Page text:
By the time I graduated from Grayson High in May 2009, I had two new goals – to attend college at the University of Georgia and to eventually work for the Atlanta Braves professional baseball organization. Easier said than done!

My less-than-stellar academic record in high school mandated that I take intermediate remedial courses at home before I could enroll at Georgia Perimeter College, a local community college, for a year to prove that I could do college-level work. At the same time, my parents’ cleaning business was suffering from the then lagging economy, and money for any level of college was very tight.

Luckily, Georgia Perimeter College did not cost that much money, so my parents paid the tuition with what little money they had for two years until I could hopefully gain HOPE. They also paid for my car insurance and phone bill my first three semesters there until I moved to Athens. However, I had to pay for everything else on my own. If I were going to attend college in Athens eventually, I was going to have to generate the additional tuition to HOPE on my own and save up money to pay for living out there. It also wasn’t a blast driving an hour to school three days a week. But I did what I had to do.

I worked at three part-time jobs – at Dollar General, my parents’ cleaning business, and a local landscaping company – to earn the money I needed to get started. After a semester and a half of taking non-credited intermediate classes at Perimeter, I finally enrolled in college-credited courses there. Talk about a dagger to the confidence.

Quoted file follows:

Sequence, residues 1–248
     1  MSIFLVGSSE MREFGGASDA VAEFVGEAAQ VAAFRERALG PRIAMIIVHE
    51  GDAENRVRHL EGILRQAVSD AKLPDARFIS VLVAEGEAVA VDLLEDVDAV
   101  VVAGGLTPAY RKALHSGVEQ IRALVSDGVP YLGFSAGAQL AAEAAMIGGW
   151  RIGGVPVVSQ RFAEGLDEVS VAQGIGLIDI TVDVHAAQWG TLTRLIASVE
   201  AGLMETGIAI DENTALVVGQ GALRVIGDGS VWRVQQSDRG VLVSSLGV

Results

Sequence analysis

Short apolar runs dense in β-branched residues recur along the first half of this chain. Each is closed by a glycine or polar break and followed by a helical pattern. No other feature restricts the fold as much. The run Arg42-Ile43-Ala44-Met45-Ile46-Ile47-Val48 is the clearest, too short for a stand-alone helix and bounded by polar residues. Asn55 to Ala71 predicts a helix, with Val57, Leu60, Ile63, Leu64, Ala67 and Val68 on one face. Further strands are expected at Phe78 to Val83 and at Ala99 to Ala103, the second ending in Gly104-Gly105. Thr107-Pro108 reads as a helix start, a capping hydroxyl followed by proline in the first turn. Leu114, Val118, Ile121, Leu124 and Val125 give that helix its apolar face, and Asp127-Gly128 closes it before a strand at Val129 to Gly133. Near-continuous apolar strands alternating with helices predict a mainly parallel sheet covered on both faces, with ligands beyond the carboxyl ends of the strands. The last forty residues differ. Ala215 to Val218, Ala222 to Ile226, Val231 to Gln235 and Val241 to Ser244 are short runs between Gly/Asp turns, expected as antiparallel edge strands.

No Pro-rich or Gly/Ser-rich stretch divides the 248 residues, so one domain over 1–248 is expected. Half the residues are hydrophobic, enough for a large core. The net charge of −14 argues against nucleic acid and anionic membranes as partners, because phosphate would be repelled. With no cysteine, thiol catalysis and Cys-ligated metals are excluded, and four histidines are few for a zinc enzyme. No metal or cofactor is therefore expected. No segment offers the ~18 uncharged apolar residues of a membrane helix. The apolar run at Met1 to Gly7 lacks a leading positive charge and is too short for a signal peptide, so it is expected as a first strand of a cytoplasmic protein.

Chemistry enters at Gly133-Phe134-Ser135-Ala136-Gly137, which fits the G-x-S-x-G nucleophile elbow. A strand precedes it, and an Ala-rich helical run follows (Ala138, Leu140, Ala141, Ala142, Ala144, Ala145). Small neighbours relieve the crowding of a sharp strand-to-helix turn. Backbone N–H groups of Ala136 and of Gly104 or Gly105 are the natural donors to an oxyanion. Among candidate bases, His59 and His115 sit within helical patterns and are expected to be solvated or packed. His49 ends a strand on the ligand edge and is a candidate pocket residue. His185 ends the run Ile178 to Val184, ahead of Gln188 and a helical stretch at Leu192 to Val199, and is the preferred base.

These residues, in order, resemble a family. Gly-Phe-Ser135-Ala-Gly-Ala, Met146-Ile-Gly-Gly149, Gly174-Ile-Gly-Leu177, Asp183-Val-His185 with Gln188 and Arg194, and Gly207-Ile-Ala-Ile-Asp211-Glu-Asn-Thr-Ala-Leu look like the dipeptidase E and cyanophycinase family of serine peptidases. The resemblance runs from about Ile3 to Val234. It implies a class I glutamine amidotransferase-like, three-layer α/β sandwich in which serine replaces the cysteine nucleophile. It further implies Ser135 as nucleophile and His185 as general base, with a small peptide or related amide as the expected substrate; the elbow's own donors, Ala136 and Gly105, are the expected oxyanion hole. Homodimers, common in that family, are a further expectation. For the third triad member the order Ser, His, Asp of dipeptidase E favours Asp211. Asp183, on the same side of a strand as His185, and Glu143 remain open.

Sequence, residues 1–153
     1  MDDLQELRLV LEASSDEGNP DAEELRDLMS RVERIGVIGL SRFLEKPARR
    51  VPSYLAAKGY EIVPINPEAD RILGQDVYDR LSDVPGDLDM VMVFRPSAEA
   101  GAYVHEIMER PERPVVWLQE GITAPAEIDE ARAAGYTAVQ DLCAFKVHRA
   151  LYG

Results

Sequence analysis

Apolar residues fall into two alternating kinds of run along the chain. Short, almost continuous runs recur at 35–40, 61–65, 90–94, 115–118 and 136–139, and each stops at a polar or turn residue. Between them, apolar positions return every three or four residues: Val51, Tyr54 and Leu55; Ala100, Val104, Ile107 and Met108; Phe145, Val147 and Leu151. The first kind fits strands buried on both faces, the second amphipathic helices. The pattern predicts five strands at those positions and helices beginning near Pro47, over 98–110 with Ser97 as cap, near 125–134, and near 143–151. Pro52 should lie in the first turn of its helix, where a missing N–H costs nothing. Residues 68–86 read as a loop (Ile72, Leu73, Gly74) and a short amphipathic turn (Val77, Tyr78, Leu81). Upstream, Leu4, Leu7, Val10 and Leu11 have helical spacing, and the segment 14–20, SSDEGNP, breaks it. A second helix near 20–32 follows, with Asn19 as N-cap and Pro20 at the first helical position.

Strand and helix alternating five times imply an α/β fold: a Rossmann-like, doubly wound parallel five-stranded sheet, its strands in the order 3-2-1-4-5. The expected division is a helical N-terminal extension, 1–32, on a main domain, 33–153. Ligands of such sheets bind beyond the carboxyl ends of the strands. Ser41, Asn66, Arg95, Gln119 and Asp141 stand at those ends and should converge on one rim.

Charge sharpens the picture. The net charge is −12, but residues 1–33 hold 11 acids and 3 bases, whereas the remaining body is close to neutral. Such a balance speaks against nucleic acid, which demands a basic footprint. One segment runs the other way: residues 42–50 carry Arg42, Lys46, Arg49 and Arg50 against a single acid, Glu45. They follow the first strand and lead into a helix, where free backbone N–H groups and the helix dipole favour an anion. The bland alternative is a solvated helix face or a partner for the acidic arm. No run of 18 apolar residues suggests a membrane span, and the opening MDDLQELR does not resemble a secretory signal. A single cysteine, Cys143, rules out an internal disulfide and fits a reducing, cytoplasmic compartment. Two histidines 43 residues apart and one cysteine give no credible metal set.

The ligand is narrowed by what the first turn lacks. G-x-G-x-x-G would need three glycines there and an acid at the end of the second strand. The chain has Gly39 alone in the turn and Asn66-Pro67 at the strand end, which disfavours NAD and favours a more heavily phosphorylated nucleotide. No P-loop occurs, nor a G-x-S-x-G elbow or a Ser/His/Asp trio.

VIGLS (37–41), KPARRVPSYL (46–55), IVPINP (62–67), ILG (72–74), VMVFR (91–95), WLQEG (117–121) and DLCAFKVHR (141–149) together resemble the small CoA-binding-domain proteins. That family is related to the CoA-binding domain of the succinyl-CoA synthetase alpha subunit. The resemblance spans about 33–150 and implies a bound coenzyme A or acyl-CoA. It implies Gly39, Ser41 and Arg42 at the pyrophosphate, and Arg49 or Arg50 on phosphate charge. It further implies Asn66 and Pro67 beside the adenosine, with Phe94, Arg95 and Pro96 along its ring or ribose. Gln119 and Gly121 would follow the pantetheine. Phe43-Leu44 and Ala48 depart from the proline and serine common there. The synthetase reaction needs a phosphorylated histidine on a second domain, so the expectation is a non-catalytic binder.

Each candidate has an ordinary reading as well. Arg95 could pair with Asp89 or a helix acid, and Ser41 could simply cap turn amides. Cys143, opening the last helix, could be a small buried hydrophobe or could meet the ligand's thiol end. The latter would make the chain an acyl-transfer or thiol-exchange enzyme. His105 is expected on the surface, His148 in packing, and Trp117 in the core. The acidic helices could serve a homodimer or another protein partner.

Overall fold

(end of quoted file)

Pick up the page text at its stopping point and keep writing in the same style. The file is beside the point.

I was so behind in school compared to friends. However, I didn’t let this bring me down. I kept my end goal in mind of becoming a Bulldawg and making something of myself. I hit the books hard, attended tutoring sessions three or four times a week, kept my nose to the grindstone, and, after two years at GPC, finally prevailed with a 3.4 GPA! I then transferred to Gainesville State College to be closer to Athens, Georgia. After a semester there, where I also worked full-time to support my “dream,” I applied and was admitted to UGA – with a HOPE Scholarship, which paid for 90 percent of my tuition!

I was delivering pizzas for Dominoes when I received an email saying I was accepted to Georgia. I’m not going to lie, I swerved a little and pizzas almost flew everywhere. The following week, I was sitting in my apartment when I officially received my acceptance letter from the UGA Admissions Office. The word “Accepted” jumped off the page at me.

I was so excited to finally see it writing that I dropped the letter, yelled then did an un-known number amount of pushups out of excitement and adrenaline. It was definitely one of the most joyous moments in my life. I put my head under the pillow on my bed for about five minutes and just thought back about all the people in my life who told me I wasn’t smart enough to get into college. I also thought of all the hard work I put in to get to this wonderful moment.

I then called everybody in my family and all my close friends. To be honest, they all seemed pretty shocked, but, more important, they were truly very excited about my acceptance, which was special to me. I knew there was still a whole lot of hard work ahead of me, but I promised myself that there was no way I could be denied a college degree from UGA at this point.